Caeli: That's not appealing. Like if he said he loved me, I couldn't believe him, because he wouldn't really know.
Elliot: Spending time with lots of people increases our perspective. Like with everything else, the ideal policy as far as learning is concerned is to do it as much as we are interested in.
Caeli: What about STDs?
Elliot: They are parochial, they have nothing to do with learning, or what the ideal sorts of relationships are, and you are assuming that relationships have something to do with sex.
Caeli: Don't they?
Elliot: In our culture people equate the two. But there is no good reason to. Sex isn't very interesting, and it doesn't make sense to choose who to live with based on who we like to have sex with.
Caeli: But you should live together if you want to share a bed.
Elliot: Sharing a bed is annoying. You have to deal with snoring, and waking each other up, and it makes it less convenient to sleep at different times. And there is no need to share a bed in order to have sex. (Though if you sometimes fall asleep together, there's nothing wrong with that.) Everyone should have a room, and a bed, of her own.
Caeli: Why "her" own? You usually use masculine pronouns when you are not talking about a specific person.
Elliot: Because "a room of her own" is a famous quote by Virginia Woolf.
Caeli: Why isn't sex very interesting?
Elliot: It consists of rubbing your bodies together, and playing with ancient remnants of our animal past. That part is very simple. More complex is the ideas our culture has about sex, but those are extremely parochial. And none of them have much to do with learning, they are just things purported to make people happy. But happiness is a bad goal.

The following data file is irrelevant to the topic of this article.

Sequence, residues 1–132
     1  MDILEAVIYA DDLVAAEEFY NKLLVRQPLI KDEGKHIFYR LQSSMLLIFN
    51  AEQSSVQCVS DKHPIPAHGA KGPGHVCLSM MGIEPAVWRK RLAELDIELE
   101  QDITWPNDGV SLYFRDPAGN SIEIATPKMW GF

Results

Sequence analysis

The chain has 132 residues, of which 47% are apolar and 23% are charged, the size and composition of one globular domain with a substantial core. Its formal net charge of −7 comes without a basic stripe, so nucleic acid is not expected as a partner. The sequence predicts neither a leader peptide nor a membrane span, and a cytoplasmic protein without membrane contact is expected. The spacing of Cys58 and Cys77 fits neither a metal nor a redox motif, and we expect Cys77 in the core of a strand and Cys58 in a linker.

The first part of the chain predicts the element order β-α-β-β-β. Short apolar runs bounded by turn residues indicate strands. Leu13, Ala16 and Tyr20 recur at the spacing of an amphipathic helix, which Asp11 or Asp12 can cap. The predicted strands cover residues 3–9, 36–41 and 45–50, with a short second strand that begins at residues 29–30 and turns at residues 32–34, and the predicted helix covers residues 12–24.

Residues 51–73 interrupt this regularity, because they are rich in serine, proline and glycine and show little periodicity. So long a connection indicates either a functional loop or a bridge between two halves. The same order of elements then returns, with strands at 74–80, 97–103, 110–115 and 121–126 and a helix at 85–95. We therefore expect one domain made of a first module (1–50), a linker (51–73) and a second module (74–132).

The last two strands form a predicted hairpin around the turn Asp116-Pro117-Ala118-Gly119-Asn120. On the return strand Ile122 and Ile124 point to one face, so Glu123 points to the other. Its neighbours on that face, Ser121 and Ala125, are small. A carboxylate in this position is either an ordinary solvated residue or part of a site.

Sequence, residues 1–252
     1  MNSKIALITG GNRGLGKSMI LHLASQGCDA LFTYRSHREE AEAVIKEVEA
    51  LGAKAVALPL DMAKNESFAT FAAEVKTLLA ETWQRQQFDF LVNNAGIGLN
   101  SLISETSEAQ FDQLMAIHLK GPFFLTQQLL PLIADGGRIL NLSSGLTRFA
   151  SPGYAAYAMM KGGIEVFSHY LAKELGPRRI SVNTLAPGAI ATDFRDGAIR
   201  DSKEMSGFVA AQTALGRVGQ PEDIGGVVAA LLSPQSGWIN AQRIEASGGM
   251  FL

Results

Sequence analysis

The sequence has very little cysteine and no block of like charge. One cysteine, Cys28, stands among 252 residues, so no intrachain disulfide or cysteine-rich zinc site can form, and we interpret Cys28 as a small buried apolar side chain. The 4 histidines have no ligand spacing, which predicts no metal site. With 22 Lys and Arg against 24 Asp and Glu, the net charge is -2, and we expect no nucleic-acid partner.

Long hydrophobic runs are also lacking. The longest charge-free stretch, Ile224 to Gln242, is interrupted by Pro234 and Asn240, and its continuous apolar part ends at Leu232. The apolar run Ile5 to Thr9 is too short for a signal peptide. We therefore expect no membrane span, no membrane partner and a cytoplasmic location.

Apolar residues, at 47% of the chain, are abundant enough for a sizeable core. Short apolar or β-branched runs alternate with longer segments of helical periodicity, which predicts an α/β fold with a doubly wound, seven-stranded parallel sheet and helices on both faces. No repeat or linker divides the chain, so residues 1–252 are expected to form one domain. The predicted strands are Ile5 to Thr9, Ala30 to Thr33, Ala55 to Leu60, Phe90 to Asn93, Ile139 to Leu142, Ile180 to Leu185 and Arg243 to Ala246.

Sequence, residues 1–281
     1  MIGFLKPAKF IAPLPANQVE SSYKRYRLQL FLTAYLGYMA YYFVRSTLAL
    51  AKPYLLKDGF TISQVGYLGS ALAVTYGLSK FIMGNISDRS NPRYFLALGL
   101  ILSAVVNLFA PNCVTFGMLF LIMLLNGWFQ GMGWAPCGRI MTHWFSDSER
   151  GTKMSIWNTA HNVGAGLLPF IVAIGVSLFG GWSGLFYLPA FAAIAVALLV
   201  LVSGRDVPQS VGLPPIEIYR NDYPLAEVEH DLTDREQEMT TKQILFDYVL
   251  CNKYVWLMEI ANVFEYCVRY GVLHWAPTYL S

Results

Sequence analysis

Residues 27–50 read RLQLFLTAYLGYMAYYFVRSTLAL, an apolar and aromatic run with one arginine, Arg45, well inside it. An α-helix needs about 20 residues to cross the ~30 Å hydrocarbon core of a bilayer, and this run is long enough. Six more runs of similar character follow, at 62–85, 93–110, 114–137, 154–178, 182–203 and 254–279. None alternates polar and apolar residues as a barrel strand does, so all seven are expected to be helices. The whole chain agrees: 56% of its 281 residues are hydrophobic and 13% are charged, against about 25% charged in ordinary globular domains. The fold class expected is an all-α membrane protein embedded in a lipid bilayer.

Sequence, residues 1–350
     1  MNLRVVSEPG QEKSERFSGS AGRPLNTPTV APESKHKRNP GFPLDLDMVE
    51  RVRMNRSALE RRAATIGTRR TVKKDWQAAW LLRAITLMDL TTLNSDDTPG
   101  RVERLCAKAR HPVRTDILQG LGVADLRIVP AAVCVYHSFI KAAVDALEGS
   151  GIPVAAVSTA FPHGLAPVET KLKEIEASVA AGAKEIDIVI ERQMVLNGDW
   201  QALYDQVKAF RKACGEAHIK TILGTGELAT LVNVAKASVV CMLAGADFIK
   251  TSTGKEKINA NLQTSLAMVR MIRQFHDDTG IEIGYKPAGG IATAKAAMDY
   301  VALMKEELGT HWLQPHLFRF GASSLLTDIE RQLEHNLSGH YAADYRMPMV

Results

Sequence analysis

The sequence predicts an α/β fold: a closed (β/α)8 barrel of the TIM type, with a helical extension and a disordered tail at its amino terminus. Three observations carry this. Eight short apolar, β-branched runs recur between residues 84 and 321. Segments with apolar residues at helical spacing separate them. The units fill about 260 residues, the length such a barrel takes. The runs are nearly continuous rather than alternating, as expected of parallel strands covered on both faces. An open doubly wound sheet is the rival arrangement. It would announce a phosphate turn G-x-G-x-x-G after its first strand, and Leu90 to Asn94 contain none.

Caeli: Is it wise to attack happiness while criticizing monogamy? Should you pick so many fights at once?
Elliot: Do you mind?
Caeli: I guess not. So what's wrong with happiness?
Elliot: Nothing is wrong with happiness. The problem is aiming for it. It should be an indirect consequence of a good life. Trying to get happiness directly is either meaningless (because we only do what we think is moral), or it means we sometimes do things that we do not think are moral.
Caeli: I thought the happiness thing would be very controversial, but your argument seems solid. Except, why is morality the right thing to aim for?
Elliot: Morality is about how to live. By definition it's our best ideas about how to live. Whether they provide happiness, money, knowledge, whatever. And it takes into account, by definition, whether we are treating others rightly or not, and so on. Seeking happiness does not necessarily take all those things into account.
Caeli: People often say the reason they want to do something, like go get ice cream, is that they will enjoy it. In other words, it will make them happy. Do you object?
Elliot: That's fine. If an activity provides one valuable thing, that is a noteworthy fact about that activity, and a good answer to why to do it.
Caeli: So let's get back on topic. You were saying sex is boring and has nothing to do with relationships.
Elliot: That's right. In general, a relationship (which is not a very good word) just means people cooperating in some way. Well, it generally doesn't mean free trade. What we mean is a personal relationship. So, if it's not about wealth or stuff, then what's the point? Well, people can share ideas.